Where there is smoke there is fire, if these are the kinds of questions that linger for the Royals after Lady D’s death. then they might be some truth to it.
As the 10th anniversary of Princess Diana’s death approaches, a new book takes another look at a long-dismissed claim that Prince Harry’s father was actually Diana’s lover, James Hewitt.
American writer Christopher Andersen, author of After Diana: William, Harry, Charles and the Royal House of Windsor (out today, Hyperion, $25.95), also says Harry eventually will serve in Afghanistan — as a kind of compensation for not being allowed to serve with his Army regiment in Iraq. “I think they’ll wait until the interest dies down,” he says, “and then they’ll get him (to Afghanistan) and back before anyone knows it.”
And the split between older brother Prince William and girlfriend Kate Middleton? Maybe not so permanent, Andersen says, suggesting the breakup may have been calculated to relieve the pressure on Middleton from the British press. “I think she’ll be back in the picture,” says Andersen, who was in London when the split was announced. “The entire country was stunned beyond belief.”
Even more shocking is the possibility that Harry, 22, third in line to the throne, might not be a Windsor. If true, and there is no scientific proof, it would be the ultimate payback by Diana against her ex-husband, Prince Charles.
Andersen’s book, his third about Diana, is an attempt to “defend her honor” against 10 years of calumny since she died. “It’s about her legacy and the new generation,” he says. “She has been portrayed as scheming and neurotic, and it’s patently unfair. For all her faults, and she had plenty, she was a pretty gutsy young woman.”
But perhaps reckless. Diana and Hewitt separately denied he was Harry’s father, saying they hadn’t met until two years after Harry was born in 1984. But Andersen names witnesses, such as British public relations guru Max Clifford, who say that Diana and Hewitt met as early as 1981 and that they were lovers by January 1984, nine months before Harry’s birth.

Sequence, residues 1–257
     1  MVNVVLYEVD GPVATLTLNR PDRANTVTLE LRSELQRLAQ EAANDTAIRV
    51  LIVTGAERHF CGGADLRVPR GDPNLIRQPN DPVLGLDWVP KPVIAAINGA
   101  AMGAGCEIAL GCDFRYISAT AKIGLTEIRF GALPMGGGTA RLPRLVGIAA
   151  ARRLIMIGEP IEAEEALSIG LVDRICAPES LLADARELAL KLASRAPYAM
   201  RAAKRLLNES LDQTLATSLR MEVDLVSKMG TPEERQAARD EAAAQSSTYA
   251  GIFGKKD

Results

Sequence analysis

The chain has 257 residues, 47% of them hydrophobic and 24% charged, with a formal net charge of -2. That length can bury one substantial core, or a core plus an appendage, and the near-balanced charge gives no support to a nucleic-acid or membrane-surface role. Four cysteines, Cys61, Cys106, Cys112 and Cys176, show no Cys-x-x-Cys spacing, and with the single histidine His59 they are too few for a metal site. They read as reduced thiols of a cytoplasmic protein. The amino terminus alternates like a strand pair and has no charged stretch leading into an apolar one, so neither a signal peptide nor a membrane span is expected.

“It’s not just the physical resemblance — and I can pick out dozens of photos that show this — it’s the peculiar expressions, the walk, the mannerisms” the two share, Andersen says.
The British press, which usually is agog about any scandal having to do with Diana, has not made much of this claim lately. “It’s such rubbish,” says Ingrid Seward, editor of Majesty, the monarchy-admiring magazine. She says it may well be true Diana and Hewitt met long before they claimed, but it doesn’t mean Harry’s not a Windsor. “It’s so obvious when you see Harry. He is the spitting image of (Prince) Philip. His close-set eyes are a Windsor trait. His red hair, that’s very Spencer. It’s ridiculous.”
Andersen says the paternity question has long gnawed at Harry and may have played a role in his occasionally boorish behavior in recent years. Andersen says Harry was concerned enough about his paternity that he volunteered for a DNA test — an idea quashed by his grandmother, Queen Elizabeth II. “Even if it were proven, it would not mean he’d be banished from the family — Charles would never change his feelings toward Harry,” Andersen says.
It would mean Harry could no longer be in the line of succession, but he might not view that as a bad thing. Says Andersen: “Harry’s nightmare is that someday he’ll end up with the crown if something happens to William.”